Feel free to play around with this recipe, I consider it a base and will add additional flavorings depending on the meal. For instance, I make a big batch then divide it into four portions that can be frozen. If we’re having it as a dipping sauce with potstickers, I’ll add sriracha to make it really spicy. If I’m pouring it over pork belly, I’ll add Chinese five spice powder. I also love adding curry powder and mixing it into stir fried shrimp and vegetables.

A homemade Chinese plum sauce recipe based on tips from my Chinese "aunties" . Plus video! -

You also have some leeway with the ingredients for plum sauce. Try and keep a good balance of flavors so the sauce impacts every part of your tongue, but don’t let not having something keep you from making it. If you don’t have fresh onion, garlic, or ginger, you can use powdered. It will have a different taste and consistency, but can still have a good balance of flavors. You can also add chopped prunes, apricots or other dried stone fruit which will thicken the sauce. My recipe is based on the traditional Chinese plum sauce my aunties in Hawaii made, but don’t feel limited by it.

Now that we have a house with plum tree in the backyard, we are sometimes drowning in plums. But there is something so special about going to pick fruit in our own backyard, and turning it into something wonderful. Plum sauce has definitely become one of our favorite recipes, and I’m so glad it’s one of the favorites here on Eating Richly. Do you have any ideas to share on what to eat with plum sauce?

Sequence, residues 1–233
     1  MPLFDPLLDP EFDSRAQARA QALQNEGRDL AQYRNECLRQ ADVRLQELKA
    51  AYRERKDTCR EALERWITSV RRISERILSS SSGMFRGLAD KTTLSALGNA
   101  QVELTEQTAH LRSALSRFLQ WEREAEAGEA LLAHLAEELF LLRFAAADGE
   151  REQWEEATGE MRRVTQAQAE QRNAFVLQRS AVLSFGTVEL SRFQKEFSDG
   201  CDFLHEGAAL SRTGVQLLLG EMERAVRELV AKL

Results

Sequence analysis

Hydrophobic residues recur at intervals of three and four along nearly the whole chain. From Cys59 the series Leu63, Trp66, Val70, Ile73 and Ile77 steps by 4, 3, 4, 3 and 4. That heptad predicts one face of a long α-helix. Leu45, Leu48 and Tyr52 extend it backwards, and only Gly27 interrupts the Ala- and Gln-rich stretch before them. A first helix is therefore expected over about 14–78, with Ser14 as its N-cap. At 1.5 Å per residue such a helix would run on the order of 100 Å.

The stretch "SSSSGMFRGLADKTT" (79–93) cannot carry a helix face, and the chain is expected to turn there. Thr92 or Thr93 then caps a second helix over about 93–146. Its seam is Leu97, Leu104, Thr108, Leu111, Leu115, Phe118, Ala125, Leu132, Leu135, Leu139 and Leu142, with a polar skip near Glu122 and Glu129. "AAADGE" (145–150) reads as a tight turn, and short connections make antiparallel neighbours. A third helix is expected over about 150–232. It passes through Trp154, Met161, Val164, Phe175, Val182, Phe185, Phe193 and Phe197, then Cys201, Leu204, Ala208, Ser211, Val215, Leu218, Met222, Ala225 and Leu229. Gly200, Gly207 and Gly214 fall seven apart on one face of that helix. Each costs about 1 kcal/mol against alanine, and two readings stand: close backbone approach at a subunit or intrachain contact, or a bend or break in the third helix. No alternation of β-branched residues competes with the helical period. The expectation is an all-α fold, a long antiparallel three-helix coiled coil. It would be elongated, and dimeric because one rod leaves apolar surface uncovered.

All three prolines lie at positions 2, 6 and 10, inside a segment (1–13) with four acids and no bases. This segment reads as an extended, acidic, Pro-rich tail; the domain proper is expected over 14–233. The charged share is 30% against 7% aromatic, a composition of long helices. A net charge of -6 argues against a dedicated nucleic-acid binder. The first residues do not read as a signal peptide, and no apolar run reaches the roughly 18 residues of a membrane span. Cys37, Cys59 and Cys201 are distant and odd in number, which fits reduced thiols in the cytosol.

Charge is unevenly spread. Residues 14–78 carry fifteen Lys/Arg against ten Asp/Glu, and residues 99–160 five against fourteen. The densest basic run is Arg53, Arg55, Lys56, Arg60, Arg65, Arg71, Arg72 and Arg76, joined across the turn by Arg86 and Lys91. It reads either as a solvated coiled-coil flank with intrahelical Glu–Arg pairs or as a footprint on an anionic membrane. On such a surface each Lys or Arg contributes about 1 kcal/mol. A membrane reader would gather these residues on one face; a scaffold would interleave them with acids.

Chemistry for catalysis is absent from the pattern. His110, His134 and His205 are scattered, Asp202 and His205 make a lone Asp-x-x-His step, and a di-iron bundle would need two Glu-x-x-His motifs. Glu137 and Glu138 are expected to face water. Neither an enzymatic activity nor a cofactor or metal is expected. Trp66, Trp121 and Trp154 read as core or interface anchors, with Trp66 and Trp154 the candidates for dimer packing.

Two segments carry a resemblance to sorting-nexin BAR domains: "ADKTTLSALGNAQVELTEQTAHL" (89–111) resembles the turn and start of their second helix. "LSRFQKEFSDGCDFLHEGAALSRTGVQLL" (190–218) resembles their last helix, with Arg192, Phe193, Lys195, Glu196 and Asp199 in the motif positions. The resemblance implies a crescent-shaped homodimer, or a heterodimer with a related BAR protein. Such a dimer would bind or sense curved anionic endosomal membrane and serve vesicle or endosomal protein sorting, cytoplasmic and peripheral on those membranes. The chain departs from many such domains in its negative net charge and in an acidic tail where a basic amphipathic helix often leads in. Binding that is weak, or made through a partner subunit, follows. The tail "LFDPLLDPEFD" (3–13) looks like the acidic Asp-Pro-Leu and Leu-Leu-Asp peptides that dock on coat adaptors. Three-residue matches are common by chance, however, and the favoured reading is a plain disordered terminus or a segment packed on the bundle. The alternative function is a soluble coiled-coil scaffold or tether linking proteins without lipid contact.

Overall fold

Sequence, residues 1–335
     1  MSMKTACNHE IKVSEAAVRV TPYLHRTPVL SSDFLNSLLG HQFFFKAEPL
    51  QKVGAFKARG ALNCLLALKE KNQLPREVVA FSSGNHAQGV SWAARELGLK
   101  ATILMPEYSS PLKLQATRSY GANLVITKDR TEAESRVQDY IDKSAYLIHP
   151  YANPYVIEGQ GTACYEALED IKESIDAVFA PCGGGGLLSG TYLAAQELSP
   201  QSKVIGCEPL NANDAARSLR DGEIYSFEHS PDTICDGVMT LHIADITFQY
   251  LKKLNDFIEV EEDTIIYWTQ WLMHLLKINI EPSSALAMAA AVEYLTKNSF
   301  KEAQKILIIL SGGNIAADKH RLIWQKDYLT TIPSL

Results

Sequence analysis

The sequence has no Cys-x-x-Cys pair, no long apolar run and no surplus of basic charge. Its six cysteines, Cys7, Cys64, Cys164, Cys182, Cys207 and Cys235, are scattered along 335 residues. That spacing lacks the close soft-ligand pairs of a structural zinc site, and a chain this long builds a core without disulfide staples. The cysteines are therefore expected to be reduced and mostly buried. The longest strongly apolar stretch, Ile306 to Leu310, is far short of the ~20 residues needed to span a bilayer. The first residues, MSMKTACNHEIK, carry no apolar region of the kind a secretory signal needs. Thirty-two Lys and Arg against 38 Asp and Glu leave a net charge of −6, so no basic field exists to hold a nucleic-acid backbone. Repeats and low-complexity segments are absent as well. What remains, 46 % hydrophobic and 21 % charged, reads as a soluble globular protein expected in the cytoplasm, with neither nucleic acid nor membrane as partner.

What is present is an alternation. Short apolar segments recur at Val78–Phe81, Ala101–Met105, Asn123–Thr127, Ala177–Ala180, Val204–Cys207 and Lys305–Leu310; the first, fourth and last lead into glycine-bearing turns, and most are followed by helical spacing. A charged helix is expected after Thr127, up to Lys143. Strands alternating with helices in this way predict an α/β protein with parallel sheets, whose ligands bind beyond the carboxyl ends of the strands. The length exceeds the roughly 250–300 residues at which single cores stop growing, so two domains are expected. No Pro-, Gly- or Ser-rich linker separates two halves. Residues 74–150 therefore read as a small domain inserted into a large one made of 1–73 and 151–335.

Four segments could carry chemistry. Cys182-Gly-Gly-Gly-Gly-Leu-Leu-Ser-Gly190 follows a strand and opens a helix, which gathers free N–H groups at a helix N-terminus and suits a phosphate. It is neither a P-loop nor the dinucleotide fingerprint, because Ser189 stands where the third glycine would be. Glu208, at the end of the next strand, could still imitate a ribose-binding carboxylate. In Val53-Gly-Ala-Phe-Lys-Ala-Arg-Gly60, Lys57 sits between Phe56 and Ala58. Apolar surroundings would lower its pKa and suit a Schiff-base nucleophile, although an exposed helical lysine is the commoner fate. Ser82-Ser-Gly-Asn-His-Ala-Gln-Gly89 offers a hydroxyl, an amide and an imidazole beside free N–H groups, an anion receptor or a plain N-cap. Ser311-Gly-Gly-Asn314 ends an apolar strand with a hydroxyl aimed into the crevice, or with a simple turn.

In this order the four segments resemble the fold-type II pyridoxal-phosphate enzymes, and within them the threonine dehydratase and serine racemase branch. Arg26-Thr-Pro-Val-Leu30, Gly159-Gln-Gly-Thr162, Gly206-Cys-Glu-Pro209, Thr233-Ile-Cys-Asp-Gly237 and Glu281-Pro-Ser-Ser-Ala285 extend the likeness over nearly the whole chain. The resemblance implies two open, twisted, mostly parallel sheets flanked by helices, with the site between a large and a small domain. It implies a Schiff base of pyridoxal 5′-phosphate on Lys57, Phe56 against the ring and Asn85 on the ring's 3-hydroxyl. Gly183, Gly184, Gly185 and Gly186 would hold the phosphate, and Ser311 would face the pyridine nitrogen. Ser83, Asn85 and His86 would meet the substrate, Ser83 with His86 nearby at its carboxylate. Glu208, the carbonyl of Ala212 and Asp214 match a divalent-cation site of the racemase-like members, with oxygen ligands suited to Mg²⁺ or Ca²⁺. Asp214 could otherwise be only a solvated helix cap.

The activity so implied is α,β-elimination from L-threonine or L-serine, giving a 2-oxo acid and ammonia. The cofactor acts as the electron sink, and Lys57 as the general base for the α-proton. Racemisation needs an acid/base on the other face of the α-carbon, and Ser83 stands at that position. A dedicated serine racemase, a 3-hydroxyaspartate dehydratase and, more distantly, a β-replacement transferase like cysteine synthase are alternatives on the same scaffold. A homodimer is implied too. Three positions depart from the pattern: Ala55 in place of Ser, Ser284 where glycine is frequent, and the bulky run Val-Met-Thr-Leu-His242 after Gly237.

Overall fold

A homemade Chinese plum sauce recipe based on tips from my Chinese "aunties" . Plus video! -

Traditional Chinese Plum Sauce from Scratch

Prep time: 20 minutes
Cook time: 20 minutes
Total time: 40 minutes
Yield: about 2 cups
Calories per serving: 31
Fat per serving: 0


  • 15-20
    small to medium plums
  • 6 cloves
    garlic, minced
  • 1/2 cup
    red onion finely chopped
  • 1 TBS
    grated fresh ginger
  • 1/4 cup
    soy sauce
  • 2 TBS
    sweet chili sauce

Cooking Directions

  1. Slice plums in half and discard pits. Cut each half into about 6 chunks.
  2. Mix plums in a saucepan with garlic, onion, ginger, soy sauce, and chili sauce.
  3. Heat on medium for 20 minutes, stirring occasionally.
  4. Blend well with an immersion blender and add water to thin if desired.
  5. Store in the freezer up to six months or the fridge up to two weeks.

Approximate cost/serving: My plums were free, so this cost me almost nothing. If you buy plums it will be $2.50-$3 to make, but the sauce is enough dip for 20 servings, so we’ll call it 15 cents a serving.

Vegetarian/Gluten Free: The sauce is vegetarian and vegan, my soy sauce has wheat gluten. Use a gluten free soy sauce or tamari to make this gluten free.

Cholesterol 0mg, Sodium 11.19mg, Total Carbohydrate 7.46g, Dietary Fiber 0.67g, Sugars 3.63g, Protein 0.12g, WW Points Plus 1, WW Old Points 0

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Nutritional and cost information is for estimating purposes only, and subject to variations due to region, seasonality, and product availability.